As you transition to Office 365, there is a clear need to understand what content is living in the cloud and how it is classified. There are a number of things that can be done to ensure that you are maintaining a cloud environment that is up to date and does not contain redundant, outdated, or trivial content. While the conversation around classifying data in the cloud often stems from compliance and privacy concerns, it’s important from a records management perspective too. Records Management is an incredibly important task in any organization, and automating those actions will not only ensure the aforementioned compliance and privacy risks are addressed, but also satisfy any records requirements applicable to your organization.
Automating records retention in SharePoint has traditionally been a difficult task. Microsoft’s original solution required you to work in a Records Center as well as in the standard SharePoint environment. This was not widely adopted because it required end users to work in more than one location. As SharePoint evolved, native records automation solutions also evolved, but the platform still lacked a centralized, out-of-the-box tool to maintain and dispose of records. With Office 365, we’re one step closer to an automated solution, primarily due to the improvements with the management of Content Types in SharePoint Online. Using these Content Types in conjunction with a third-party tool can help you implement some excellent records management solutions.
In this article, I’ll outline three key steps to automating your records retention and disposal process in Office 365. Following these steps can help reduce the workload of your records team significantly.
1. Classify your Office 365 content
The first step to any Office 365 records management project is to determine what you have in your environment. Without a clear picture of what your data is, you will never be able to determine what you should do with it. Classification of your content can be a daunting task, but it is the first step to truly understanding the data that you have and then applying policies to that content. You can handle classification of this data in more than one way, but the end goal is to either create a classification that can be associated with a Content Type in your environment or simply assign that Content Type directly. My preference is always to classify first as it can be reused more extensively than a Content Type. You will use these Content Types to handle the automation of your records retention in a later step.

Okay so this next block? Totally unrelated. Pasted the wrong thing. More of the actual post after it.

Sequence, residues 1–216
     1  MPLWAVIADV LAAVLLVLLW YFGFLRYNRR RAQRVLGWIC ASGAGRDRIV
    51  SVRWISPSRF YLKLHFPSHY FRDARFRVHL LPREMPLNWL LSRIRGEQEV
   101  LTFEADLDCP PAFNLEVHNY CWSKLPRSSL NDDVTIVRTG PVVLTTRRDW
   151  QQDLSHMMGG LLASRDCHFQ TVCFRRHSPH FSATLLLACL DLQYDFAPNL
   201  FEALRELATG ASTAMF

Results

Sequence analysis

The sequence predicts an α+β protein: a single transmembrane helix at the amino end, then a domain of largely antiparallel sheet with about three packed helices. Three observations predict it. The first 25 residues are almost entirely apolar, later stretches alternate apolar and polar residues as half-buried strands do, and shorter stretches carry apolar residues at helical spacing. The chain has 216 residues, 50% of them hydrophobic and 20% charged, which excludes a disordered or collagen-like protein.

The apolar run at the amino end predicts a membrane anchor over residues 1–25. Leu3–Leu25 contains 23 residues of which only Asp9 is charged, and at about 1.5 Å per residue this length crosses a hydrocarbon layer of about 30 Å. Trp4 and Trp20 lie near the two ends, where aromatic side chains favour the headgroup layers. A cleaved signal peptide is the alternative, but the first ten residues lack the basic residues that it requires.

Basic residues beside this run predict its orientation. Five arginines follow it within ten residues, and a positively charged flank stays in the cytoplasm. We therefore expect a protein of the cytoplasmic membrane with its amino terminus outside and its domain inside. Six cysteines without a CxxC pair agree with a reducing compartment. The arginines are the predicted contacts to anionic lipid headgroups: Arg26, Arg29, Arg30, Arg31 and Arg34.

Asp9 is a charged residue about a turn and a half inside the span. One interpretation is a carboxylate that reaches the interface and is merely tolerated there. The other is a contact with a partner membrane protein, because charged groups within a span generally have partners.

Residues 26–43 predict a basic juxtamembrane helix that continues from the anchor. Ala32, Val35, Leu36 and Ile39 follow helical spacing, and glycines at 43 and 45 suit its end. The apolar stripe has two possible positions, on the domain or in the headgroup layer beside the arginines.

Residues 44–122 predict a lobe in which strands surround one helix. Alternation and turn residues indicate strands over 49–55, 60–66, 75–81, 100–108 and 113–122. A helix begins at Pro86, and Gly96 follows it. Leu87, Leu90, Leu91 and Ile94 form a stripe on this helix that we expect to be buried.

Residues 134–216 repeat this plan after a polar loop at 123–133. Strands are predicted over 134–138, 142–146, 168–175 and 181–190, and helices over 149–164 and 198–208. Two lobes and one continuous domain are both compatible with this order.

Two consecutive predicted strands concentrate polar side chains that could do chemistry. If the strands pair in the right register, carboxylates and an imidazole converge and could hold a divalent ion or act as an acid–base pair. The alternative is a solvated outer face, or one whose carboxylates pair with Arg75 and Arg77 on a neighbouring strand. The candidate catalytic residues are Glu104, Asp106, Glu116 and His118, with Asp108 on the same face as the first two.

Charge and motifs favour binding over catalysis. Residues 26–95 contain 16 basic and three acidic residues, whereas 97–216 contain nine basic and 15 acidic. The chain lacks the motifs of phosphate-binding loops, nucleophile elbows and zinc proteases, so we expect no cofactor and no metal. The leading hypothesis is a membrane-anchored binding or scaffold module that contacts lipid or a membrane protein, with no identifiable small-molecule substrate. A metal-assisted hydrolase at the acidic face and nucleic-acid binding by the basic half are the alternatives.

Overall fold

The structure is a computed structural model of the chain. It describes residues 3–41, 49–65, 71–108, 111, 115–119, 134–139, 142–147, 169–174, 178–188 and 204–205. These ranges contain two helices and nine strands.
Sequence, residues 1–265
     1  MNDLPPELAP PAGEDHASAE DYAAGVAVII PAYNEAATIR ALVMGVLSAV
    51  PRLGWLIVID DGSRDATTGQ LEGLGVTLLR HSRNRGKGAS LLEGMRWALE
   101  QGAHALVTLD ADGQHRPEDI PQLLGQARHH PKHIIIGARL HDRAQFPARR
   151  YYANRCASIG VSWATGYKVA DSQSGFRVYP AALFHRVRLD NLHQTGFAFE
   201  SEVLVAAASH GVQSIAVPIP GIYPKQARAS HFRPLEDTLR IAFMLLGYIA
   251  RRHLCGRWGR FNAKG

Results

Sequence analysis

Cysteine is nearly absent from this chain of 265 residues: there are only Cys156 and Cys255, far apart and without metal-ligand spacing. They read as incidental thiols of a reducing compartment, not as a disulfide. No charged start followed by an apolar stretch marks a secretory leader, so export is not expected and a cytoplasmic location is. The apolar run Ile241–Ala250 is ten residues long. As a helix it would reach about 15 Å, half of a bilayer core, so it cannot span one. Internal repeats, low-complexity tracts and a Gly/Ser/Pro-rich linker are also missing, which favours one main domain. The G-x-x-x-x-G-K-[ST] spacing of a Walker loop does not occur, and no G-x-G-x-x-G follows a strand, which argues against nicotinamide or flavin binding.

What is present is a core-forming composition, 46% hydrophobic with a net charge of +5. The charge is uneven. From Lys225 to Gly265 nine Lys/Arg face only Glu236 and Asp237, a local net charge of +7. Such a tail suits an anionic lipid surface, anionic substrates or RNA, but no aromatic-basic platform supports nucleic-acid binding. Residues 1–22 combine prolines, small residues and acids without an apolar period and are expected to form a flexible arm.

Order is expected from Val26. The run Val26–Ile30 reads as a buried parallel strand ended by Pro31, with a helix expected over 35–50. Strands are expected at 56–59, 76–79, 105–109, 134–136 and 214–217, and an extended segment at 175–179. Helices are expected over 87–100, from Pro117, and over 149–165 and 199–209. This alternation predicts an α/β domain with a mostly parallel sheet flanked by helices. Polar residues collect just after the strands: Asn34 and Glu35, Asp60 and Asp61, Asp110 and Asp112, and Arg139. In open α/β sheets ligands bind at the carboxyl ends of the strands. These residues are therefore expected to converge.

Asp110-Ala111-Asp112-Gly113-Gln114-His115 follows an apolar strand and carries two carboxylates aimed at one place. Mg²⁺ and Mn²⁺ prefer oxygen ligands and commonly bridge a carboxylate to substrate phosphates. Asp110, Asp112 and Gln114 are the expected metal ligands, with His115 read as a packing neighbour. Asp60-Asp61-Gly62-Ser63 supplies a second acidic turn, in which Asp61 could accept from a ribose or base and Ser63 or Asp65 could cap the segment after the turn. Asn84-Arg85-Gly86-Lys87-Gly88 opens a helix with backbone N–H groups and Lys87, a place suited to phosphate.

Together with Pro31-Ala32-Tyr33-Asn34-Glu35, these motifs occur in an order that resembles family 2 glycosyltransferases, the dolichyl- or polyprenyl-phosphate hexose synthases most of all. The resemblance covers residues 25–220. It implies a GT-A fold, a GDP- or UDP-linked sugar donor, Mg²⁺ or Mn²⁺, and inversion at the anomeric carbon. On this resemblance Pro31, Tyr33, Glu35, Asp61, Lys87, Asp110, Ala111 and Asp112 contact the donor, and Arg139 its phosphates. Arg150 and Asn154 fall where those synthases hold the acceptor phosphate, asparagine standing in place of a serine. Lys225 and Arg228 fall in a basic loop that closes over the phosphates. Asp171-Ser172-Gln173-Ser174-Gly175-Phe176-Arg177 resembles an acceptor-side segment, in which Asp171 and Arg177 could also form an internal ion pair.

You can also use these classifications to associate any relative rights management policies in your environment, so this step is not relegated only to your records management. Classification is likely the single most important step you can take in organizing and automating any actions and policies surrounding your data, so it is naturally the bedrock of any records automation system.
2. Automate the removal of your outdated Office 365 content
Once you have your classifications in place, you can utilize this framework to set up retention policies for your data. One of the bonuses of classifying all of the content in your environment is that it allows you to archive and remove content based on the classifications. When automating records management, we can use these classifications and associated Content Types to declare records and set corresponding retention periods.
Using SharePoint archiving tools, you can then create retention policies based on metadata associated with the Content Types. Creating a tiered hierarchy for archiving and records retention allows you to maintain your infrastructure and ensure that you can handle redundant, obsolete, and trivial data. Moreover, once this content has been archived, or at the very least declared as a record, you can set an additional retention date to ensure the safe disposal of the content. This transitions into one of the biggest pain points of records management: legal compliance.
3. Ensure legal compliance
Once you have your content classified, declared as a record, and have a basic retention policy in place, you can use this framework to ensure that you are in legal compliance with any standards that you are required to meet. Using the Content Types, you can specify any required legal holds for ongoing litigation by ensuring that content related to specific projects or users has been classified and then declared as a record. While the step to declare a legal hold will always be a manual process, the records retention surrounding the rest of your environment can be automated. This automation can be further integrated with Information Rights Management (IRM), Risk Management Solutions (RMS), and Digital Rights Management (DRM) by utilizing Content Types and metadata classifications to determine how you are going to manage that content.
Using the steps outlined above will not only allow you to manage the long term storage of your records in an automated fashion, but also ensure that the system in place to take these actions can be utilized by a number of other systems in your environment in addition to Office 365. Creating a universal solution for records automation will allow you to be flexible with new projects in your environment as these classifications can be digested by many other systems and third-party tools. Managing your records can be a holistic solution to managing your data across the organization if you start with data classification.
As you plan your journey to the cloud, be sure to check out AvePoint’s Cloud Arcade for more helpful tips on managing, migrating, and protecting Office 365! You can also learn more about Office 365 protection by watching our on demand webinar, AvePoint’s Cloud Arcade Presents: Policy-Driven Protection for Office 365.